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Towards adaptive, inclusive and personalised assessment and learning technology

Digital learning technologies create new opportunities for personalising the learning process. By personalising each learner’s environment, we can better align it to their needs. When thinking about personalisation in this context, there are several important questions to consider. Which elements of a learning environment can be personalised? And who decides what to personalise and how?

Who decides?

Digital learning environments create an interaction between a human user and a digital machine. Since human and machine work together, the locus of control over aspects of such a digital environment can vary: the learner can be in full control, share control with the digital system, or the system can have full control. For example, the scheduling of practice items within a learning session may be controlled by a learner, but in an adaptive learning system like MemoryLab is usually controlled by the computer, based on the premise that this decision is better taken out of the learner’s hands. The same spectrum of control exists when it comes to personalisation of the learning environment. On one end of the spectrum, a learner may have full say over how the environment is configured; on the other end, personalisation may happen fully automatically. In the former case, the system can be said to be adaptable, while in the latter case, the system is adaptive (Plass and Pawar, 2020). How do we strike the right balance?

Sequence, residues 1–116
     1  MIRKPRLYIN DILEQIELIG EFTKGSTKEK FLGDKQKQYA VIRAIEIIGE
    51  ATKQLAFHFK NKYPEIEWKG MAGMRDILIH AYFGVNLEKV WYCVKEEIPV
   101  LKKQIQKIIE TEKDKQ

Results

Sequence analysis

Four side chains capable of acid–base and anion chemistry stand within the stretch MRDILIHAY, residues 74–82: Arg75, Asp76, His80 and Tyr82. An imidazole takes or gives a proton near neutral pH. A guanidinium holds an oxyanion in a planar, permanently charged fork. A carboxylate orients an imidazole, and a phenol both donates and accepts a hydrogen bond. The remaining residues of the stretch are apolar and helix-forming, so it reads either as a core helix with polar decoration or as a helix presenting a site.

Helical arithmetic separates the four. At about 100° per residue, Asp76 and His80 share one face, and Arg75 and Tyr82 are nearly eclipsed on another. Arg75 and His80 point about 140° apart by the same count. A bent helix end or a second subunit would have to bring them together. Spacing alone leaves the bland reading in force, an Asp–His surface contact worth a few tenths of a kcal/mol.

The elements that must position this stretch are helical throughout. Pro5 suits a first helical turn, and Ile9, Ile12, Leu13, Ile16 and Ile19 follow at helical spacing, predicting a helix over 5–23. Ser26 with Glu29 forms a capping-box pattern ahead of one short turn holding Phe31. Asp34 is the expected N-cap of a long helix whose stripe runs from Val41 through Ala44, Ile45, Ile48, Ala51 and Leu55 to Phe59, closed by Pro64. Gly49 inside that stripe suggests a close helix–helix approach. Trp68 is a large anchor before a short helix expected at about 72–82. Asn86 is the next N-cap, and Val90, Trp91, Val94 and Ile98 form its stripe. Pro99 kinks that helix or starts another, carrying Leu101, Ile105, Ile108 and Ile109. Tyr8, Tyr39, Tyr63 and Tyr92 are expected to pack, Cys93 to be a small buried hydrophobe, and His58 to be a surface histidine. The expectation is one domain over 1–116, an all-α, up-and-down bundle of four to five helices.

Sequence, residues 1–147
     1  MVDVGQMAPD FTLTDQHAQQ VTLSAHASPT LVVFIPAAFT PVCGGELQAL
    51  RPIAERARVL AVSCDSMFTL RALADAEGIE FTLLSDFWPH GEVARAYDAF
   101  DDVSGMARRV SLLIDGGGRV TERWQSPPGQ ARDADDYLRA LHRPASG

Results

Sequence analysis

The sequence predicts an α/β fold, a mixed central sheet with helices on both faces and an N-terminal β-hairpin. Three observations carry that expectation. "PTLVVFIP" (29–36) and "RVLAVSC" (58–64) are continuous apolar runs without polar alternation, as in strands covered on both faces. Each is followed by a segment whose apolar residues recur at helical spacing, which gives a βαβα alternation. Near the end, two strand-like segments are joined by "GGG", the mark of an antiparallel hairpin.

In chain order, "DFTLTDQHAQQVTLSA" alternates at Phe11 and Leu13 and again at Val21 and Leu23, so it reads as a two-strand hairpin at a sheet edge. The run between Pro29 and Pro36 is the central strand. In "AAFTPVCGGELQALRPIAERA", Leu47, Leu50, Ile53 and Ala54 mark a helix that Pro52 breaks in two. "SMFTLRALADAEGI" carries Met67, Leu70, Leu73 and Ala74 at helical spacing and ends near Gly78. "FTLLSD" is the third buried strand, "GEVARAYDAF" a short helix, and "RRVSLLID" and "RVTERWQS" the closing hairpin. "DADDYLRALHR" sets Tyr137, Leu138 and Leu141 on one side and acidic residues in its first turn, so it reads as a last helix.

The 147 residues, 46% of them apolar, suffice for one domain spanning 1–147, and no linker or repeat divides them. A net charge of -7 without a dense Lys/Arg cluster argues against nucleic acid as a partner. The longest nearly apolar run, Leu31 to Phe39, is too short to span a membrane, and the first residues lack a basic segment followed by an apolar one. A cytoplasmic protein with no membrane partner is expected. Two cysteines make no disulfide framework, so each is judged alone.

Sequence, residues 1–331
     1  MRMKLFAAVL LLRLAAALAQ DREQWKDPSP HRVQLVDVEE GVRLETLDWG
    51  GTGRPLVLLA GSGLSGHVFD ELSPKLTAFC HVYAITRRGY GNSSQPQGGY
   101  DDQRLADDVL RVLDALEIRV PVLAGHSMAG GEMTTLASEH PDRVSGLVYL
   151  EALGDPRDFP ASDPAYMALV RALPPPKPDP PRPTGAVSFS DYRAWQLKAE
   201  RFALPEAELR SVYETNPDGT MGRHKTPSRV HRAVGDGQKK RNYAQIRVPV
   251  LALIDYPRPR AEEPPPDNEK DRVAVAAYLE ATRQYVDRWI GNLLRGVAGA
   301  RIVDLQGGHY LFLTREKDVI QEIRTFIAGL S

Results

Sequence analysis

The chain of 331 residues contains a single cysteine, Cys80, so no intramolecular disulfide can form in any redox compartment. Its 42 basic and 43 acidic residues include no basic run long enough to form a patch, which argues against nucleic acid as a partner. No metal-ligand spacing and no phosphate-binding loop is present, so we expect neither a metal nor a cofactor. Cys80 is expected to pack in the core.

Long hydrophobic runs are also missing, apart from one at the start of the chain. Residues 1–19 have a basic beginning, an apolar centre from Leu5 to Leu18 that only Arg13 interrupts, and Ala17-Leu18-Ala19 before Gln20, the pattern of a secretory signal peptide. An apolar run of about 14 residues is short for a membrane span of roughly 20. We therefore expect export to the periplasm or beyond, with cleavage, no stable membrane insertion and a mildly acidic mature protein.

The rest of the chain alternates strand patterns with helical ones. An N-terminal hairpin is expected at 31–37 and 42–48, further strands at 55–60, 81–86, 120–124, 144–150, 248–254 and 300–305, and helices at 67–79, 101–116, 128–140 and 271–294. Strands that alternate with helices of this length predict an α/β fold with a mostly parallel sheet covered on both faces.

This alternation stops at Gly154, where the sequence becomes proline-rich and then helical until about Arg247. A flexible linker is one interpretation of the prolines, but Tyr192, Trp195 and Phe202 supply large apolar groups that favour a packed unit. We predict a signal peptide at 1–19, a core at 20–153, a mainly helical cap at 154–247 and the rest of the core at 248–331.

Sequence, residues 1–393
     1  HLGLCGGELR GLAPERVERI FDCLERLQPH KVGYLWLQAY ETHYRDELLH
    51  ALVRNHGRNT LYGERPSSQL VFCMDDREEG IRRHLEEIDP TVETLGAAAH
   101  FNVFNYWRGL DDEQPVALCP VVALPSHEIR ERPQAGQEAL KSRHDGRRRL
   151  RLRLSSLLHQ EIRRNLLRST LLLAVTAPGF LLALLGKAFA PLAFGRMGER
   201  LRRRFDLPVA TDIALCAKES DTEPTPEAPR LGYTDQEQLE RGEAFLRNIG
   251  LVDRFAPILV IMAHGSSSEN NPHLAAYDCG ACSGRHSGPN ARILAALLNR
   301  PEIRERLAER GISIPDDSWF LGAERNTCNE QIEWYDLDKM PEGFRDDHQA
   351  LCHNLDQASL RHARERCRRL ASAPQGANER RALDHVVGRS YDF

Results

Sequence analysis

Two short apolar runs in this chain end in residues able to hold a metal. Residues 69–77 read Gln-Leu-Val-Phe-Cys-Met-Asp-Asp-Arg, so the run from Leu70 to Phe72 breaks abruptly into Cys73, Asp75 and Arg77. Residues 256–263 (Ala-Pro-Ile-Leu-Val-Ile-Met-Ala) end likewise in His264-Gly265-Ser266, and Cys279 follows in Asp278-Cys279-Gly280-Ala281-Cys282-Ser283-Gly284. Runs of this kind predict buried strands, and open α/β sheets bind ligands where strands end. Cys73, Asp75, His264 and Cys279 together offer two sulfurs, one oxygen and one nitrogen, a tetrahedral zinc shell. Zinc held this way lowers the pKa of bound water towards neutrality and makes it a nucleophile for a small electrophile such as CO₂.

Often, a mix of adaptability and adaptivity is the right answer. Automatic personalisation of the learning environment can be convenient, as it reduces the number of choices the learner is asked to make. Automatic personalisation can also help steer a learner towards more effective learning practices that they otherwise may not seek out. For instance, when it is clear that a learner has advanced sufficiently to practise at a higher difficulty level, the learning environment can automatically make this change on behalf of the learner. When left to their own devices, learners can make poor decisions about how they configure their learning environment, for example as a result of limited or flawed insight into their own learning process and abilities (Metcalfe, 2009, Bjork, Dunlosky, & Kornell, 2013). In such cases, automatic personalisation may be advantageous. If the digital learning environment already uses a learner model to automatically adapt the content to the learner’s performance, automatic personalisation can also be integrated into that existing model (Peng, 2019).